Congratulations to Steve M for winning this week’s Monday Trivia Contest sponsored by Gary Yamamoto Custom Baits. For the answers, read below, and come back for next week’s edition.
All pros have to get their start somewhere, and this veteran apparently was whacking on the panfish from an early age. He’s still active at the highest levels of professional competition, despite having started his career as a national pro in the mid-80s. Beyond that, we won’t tell you much until Thursday.
In order to win this week’s contest, be the first to correctly answer the following four questions:
- Who is the angler?
- Where did he fish his first B.A.S.S. event?
- Where and when did he win his first national tournament?
- Where did he fish the final round of his most recent B.A.S.S. victory?
Here are the answers:
The youthful fisherman is veteran Arizona pro John Murray, who is still going strong after nearly 200 B.A.S.S. events, a set that started back in 1986 when he fished a Megabucks event on Florida’s Harris Chain of Lakes won by Roger Farmer. Terry described the beginning of his career in this comprehensive earlier piece on BFA.
The 1986 Megabucks tournament produced an inauspicious 124th place finish for Murray and he wouldn’t crack the top 50 with B.A.S.S. until a 10th place showing at Lake Powell in April of 1990. Indeed, he didn’t pierce the top 50 outside of the west until October of 1992, when he finished 17th at another Megabucks tournament, this one on Guntersville.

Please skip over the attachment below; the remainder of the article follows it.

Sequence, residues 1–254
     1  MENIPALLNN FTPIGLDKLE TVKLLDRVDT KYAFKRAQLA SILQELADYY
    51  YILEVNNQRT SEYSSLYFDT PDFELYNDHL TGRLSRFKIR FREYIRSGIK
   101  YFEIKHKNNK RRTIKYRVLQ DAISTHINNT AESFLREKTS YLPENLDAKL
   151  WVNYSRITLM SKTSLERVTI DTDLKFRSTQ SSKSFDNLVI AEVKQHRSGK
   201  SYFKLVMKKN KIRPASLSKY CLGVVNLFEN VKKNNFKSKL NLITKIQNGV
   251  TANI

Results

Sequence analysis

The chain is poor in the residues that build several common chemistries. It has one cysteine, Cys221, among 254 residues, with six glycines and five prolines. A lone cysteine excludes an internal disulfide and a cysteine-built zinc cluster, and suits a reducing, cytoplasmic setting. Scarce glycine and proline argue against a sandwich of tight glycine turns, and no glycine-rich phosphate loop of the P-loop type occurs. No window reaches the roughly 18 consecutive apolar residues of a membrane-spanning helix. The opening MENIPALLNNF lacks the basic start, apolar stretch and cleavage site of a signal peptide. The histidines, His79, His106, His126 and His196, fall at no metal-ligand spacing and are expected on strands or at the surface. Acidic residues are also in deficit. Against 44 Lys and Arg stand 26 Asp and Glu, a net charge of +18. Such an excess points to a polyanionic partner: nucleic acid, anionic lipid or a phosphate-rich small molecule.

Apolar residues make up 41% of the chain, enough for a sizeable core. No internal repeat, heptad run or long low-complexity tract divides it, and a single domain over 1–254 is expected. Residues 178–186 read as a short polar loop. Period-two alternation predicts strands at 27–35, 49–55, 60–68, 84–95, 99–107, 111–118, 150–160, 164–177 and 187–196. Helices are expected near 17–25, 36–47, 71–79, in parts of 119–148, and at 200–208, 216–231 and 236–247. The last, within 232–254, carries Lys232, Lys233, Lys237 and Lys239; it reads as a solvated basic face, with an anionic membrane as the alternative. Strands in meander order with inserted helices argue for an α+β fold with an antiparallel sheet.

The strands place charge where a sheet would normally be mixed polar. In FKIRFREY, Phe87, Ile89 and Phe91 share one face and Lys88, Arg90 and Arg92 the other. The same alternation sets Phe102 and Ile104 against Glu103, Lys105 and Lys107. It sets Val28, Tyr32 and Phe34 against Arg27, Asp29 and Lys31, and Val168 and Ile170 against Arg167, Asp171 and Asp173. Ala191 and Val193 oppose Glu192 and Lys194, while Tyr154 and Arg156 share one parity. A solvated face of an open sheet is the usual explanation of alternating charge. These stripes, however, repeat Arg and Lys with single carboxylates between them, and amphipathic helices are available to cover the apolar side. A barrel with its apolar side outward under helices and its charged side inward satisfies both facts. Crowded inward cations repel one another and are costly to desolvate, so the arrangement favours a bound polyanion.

While he struggled in those early years with B.A.S.S., failing to qualify for the Classic until 2002, he continued to be an absolute terror on western circuits. According to his website, he “is the only professional angler to win a fully rigged bass boat on every major western waterway from New Mexico to Washington totaling 31.” Along the way, he won the WON Bass U.S. Open on Lake Mead in both 1997 and 1999.
Murray has won two B.A.S.S. tournaments, the 2003 Open Championship on Toledo Bend, and the 2004 Busch Shootout. The Shootout invited the 13 anglers who’d worn the Busch patch while catching the heaviest catch in certain tournaments (each of that season’s tour events, the Open Championship, the Federation Championship and the Bassmaster Classic) to fish a “mystery lake” – which initially turned out to be Virginia’s James River. The tournament was supposed to be held in September, but was delayed a month as a result of Hurricane Ivan.
After whittling the field to six anglers on the James, the remaining crew moved to a “hole-style” course reminiscent of the Megabucks format on a private 35 acre lake at the exclusive Kingsmill Resort and Spa. Murray’s 9 pound 9 ounce catch was enough to win the $100,000 top prize.